Final touches in the process included balancing colors, adding the dripping drool, and redesigning the rib cage.
I knew from the outset of this project that I wouldn’t be able to build the Demogorgon in a single color. None of individuals among the assortment of earthy hues that I’ve used here—tan, dark tan, olive green, medium flesh, brown—had all the types of bricks I needed to realize the Demogorgon’s shape alone. But I didn’t want to make the monster look too uniform, anyway. I’m pretty happy with how my color combos look; I think they convey a rotten-flesh-icky vibe pretty well. The color balance of the Demogorgon’s patchy skin was something I had to keep adjusting right until I took pictures, as I didn’t want the scheme to look so random that it would detract from my shaping.
Some of my favorite aspects of the design are: the hands, with their long fingers and extended wrists; the textured ribcage, the two sides of which rest on a 1x1 double angled slope; the shaping of the thighs, which look powerful and sinewy without extraneous bulk; the subtle division between the pectoral muscles; and the head design which, for this scale, I think conveys a lot of the Demogorgon’s essence.
Parts of the build I wish I had difficulty with, or wish I could have found better solutions for: the feet, which from the side look a little too scattered color-wise; the drool, which for the life of me I couldn’t find anywhere to hang than in this one spot; and the upper back, which frankly I didn’t give the most attention to.
Still, despite its flaws, I’m pretty pleased with my Demogorgon’s design, especially since it’s to scale with my Sauron figurine. I see more to-scale figurines coming in the future…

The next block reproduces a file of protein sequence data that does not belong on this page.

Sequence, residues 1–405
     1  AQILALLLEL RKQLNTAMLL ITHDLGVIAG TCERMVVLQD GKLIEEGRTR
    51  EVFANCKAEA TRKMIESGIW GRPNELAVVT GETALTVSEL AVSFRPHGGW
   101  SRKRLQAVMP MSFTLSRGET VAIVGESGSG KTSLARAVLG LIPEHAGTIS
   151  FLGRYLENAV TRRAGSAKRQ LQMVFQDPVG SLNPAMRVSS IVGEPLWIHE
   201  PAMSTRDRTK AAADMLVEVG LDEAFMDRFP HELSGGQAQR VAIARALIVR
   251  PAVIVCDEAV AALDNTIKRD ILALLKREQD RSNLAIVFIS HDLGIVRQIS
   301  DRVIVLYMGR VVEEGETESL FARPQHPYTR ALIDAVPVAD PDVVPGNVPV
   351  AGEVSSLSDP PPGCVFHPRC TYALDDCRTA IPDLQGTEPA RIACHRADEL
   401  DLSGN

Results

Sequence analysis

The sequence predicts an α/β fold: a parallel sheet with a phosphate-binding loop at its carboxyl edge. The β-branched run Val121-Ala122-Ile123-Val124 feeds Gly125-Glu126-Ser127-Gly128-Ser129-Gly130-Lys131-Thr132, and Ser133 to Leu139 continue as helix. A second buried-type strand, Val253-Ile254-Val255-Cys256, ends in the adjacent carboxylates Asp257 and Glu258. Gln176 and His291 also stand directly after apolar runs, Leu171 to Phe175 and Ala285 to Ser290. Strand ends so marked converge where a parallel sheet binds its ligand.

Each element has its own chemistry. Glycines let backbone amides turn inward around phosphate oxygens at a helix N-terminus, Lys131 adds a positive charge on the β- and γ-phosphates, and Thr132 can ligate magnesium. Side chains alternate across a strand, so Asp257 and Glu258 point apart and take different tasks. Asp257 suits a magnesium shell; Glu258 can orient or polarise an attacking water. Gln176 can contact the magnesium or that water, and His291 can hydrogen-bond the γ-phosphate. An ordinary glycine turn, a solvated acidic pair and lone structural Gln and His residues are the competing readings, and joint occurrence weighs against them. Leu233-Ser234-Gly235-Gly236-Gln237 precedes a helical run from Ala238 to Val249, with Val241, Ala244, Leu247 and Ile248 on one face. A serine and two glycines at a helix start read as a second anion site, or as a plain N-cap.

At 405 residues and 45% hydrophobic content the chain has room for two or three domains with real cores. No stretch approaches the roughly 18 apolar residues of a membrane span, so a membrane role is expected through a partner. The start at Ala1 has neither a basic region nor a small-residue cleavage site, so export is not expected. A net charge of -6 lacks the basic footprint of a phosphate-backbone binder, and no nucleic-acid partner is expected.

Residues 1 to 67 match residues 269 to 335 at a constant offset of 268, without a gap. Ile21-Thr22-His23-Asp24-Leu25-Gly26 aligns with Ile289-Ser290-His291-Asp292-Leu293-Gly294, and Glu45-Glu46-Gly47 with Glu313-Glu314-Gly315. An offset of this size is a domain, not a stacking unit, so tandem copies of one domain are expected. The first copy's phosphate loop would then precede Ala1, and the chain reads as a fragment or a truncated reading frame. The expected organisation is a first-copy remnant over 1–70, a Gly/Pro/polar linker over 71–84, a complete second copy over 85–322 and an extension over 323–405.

The Demogorgon pictures weren’t too tough to pull off. I set up the build in my usual photo tent set-up. I tried for a few other key-lights to enhance spookiness, but none of these really made much difference so I let those alone. The blue backdrop was an easy choice, as I knew I’d be “blue-screening” this build onto something a little moodier: the Demogorgon’s home turf, the Upside Down.
The backdrop image is pulled from the Stranger Things wiki, blurred a little to suggest perspective. I added extra floaty specks on top of both backdrop and isolated Demogorgon, the better to create a sense of unified place. I also aimed to create unity by tweaking the brightness, contrast, and temperature of the Demogorgon itself. I darkened and cooled the image so that it would look a little more at home with this gloomy backdrop. Some hazes, gradients, and fog renders interposed here and there were what tied everything together.
For the other, less complex images, I basically just adjusted the bright-blue backdrop down so that it rested in a similar palate to the atmospheric shot.
Thanks for reading! If you have any other questions or comments about this model, feel free to leave them in the comments below.